Bird Books: The Sequel, Titles for the Entire Family

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The Birdwatchers by Theo Wolf

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 I’m a bird lover in that I like to watch the birds in my yard. I don’t let my cats eat them though, which tends to make me unpopular at times. I can live with that. I enjoy following the Cornell Lab of Ornithology and their various bird cams. Once I even signed on as member of a local bird watching group, but was too shy to go. In my old age, when I’m in a chair in the home, I’ll be the first one at the birdfeeder window unless there’s a resident therapy cat. I’ll have dibs on him above all else

A while back I posted another list of bird books. With the release of a fun, new birding memoir I decided the list needed a full sequel. Here’s the new list then.

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Nonfiction

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Neil Hayward’s new book is fun and funny romp thru bird watching with a side story of romance. A Brit with degrees from Oxford and Cambridge, he is at a crossroads in life and decides to take the one less traveled. Until it becomes more traveled. Nearly trampled, in fact, with birders! Accidentally Neil breaks the record for the “Big Year”–seeing the most species of birds in a year. This is a fun read and birders will enjoy it. Lost Among the Birds by Neil Hayward.

 

 

I kept hearing great things about H is for Hawk. Finally, last month, I got around to reading it–well, listening to the audio of it. It was amazing!  The descriptions of the birds, of training them–an exhaustive process for both the person and the bird was truly unbelievable. The horrible abuse suffered by author T.H. White (The Once and Future King) was a direct contrast to the author’s happy childhood in which her desire to own and work a goshawk was accepted and lovingly indulged to the point that she was allowed to spend a day out alone with aristocratic birds of prey handlers.

Like getting to step into upstairs world of an Edwardian Country House would be for me, this day immersed in the language, manners and rituals of the men was a life-altering experience for Helen in a good way. It was this part of the book that captured my attention–that and when she finds, at a precocious age indeed, White’s book The Goshawk and gets to buy and read it. I loved that her parents trusted her to read a grown up book the way mine always did. This book and the experience with the men handling their birds of prey, let Helen into the magic world of her dreams and helped her make it all real.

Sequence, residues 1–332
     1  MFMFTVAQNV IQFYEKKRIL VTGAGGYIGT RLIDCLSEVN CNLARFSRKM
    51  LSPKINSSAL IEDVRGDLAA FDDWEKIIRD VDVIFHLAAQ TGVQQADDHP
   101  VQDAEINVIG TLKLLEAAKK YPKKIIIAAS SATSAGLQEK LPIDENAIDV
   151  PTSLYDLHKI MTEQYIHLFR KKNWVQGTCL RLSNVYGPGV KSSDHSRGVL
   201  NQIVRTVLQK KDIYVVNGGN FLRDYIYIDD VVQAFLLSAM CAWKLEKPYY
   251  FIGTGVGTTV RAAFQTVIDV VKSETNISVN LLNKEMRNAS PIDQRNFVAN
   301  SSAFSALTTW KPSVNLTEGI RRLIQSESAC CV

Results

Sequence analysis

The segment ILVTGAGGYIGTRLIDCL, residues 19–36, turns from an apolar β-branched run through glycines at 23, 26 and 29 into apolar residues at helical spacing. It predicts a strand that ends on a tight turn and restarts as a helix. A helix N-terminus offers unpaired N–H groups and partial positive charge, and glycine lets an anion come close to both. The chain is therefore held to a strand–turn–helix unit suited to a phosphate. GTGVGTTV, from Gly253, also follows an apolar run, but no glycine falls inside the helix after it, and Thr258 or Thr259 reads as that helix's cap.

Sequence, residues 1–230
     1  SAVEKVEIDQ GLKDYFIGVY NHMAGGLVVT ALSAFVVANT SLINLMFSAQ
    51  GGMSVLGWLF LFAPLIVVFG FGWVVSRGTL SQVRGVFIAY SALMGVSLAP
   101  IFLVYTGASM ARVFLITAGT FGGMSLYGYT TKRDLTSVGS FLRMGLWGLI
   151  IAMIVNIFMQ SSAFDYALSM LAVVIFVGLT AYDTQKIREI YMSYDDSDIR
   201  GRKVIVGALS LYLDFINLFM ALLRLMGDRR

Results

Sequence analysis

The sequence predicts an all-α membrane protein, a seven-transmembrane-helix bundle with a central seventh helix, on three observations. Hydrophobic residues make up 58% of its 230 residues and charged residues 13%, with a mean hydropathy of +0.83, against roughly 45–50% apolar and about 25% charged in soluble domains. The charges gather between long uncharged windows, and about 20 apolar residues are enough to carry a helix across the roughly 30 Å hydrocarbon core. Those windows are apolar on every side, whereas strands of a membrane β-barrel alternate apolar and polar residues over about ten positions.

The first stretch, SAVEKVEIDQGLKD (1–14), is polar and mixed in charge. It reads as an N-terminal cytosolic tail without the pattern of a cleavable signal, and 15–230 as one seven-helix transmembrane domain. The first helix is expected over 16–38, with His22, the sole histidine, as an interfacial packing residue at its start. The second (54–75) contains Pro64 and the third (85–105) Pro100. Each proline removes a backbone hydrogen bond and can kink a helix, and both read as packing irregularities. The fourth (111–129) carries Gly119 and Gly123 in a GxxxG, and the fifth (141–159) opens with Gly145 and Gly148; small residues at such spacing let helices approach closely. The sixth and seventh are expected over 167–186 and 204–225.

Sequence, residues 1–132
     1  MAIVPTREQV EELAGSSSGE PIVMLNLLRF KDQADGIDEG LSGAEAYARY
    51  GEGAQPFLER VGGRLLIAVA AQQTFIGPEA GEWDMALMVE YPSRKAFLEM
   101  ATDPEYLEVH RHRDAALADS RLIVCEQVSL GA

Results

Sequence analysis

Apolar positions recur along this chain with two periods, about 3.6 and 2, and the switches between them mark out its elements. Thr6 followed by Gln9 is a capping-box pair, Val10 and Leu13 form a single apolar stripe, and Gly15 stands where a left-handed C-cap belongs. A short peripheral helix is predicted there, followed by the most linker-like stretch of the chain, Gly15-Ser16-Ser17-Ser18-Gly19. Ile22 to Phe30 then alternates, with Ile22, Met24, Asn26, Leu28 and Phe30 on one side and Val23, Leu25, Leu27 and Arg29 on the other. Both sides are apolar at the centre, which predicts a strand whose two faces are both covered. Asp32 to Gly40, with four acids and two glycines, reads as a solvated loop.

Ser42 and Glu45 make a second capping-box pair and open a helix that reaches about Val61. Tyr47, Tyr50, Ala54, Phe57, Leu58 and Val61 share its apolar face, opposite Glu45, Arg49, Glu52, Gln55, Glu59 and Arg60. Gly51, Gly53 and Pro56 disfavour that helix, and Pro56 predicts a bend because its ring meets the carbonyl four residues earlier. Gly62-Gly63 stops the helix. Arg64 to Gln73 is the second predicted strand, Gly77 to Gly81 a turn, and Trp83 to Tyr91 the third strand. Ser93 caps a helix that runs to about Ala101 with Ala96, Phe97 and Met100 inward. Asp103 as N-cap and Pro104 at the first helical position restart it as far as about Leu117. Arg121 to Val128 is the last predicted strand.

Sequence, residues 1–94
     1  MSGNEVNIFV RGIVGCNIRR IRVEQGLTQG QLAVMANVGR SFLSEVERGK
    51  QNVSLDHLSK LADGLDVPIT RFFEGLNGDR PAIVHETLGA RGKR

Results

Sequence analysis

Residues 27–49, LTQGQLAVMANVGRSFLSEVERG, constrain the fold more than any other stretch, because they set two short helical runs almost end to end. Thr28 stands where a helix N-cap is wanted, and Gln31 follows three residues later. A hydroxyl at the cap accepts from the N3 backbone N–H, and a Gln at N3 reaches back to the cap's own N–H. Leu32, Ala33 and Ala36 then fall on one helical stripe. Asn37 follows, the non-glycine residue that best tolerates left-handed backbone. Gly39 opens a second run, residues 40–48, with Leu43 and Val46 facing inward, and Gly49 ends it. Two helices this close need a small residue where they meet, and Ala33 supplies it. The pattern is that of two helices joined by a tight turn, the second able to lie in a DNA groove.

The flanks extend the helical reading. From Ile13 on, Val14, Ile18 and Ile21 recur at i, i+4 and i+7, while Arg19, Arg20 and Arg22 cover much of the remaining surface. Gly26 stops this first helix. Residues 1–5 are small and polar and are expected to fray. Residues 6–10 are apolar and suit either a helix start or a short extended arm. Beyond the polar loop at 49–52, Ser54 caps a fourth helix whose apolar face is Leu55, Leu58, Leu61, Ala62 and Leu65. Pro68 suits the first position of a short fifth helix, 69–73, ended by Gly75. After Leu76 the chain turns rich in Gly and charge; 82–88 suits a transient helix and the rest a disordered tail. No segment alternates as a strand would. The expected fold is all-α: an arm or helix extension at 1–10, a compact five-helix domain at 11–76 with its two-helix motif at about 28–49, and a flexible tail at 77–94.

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Photo by Christina McLeish in the Telegraph.co.uk

There is so much in this book that is marvelous, but I know many people who read here are conservative. I will warn you that White’s childhood left him with the desire to inflict pain and revel in it. This penchant, as well as his private lifestyle choice (I don’t want a bunch of spam so try to follow those euphemisms) are both discussed frankly. That a child of, say 9 or 10, could be entranced by the descriptions of the birds and their flight and training makes “most” of this book suitable for a family read-aloud. I think, though, that nearly any family would want to pre-read it and mark the more adult passages either to skip or to briefly and matter-of-fact-ly explain as they see fit. Each family is different, but I feel many, many families would be fascinated by the birds lives and their training.

To read more in the Telegraph’s story on Helen and Mabel, click here.

H is for Hawk by Helen MacDonald and The Goshawk by T.H. White

 

Source 1   Source 2   Source 3

 

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If everything you know about American bird-watching and birds in general is tied up in words John James Audubon, then this is the book for you. This book provides a very readable look at the development of bird-protection, bird-identification and birding culture in general here in America

Of a Feather: A Brief History of American Birding by Scott Weidensaul

 

 

 

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Book Bird House

 

Fiction and Picture Books

 

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Owls in the Family by Farley Mowatt is a family read-aloud not to be missed. Canada’s premier nature writer spins the tale that will delight bird lovers and Harry Potter fans alike. Who wouldn’t want a pet owl? Well, after reading and enjoying this story you’ll know!

 

 

 

 

 

Flora and the Flamingo, Flora and the Peacock, Flora and the Penguin all by Molly Idle. Delightful books for bedtime reading that you will all enjoy over and over again. If the craze at your house this summer is for everything flamingo, then click here to see my flamingo fashions post!

 

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Source/buy

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4 thoughts on “Bird Books: The Sequel, Titles for the Entire Family

  1. sjbraun

    It seems like the older I get, the more interests I develop. I, too, enjoy birds — but as I see the bird groups and all that out there, I realize that there are so many who know so much more about it than I do. Still, I enjoy watching the ones in my backyard. Thanks for the bird book rec’s and I LOVE the bird cookies and buttons!

    Liked by 1 person

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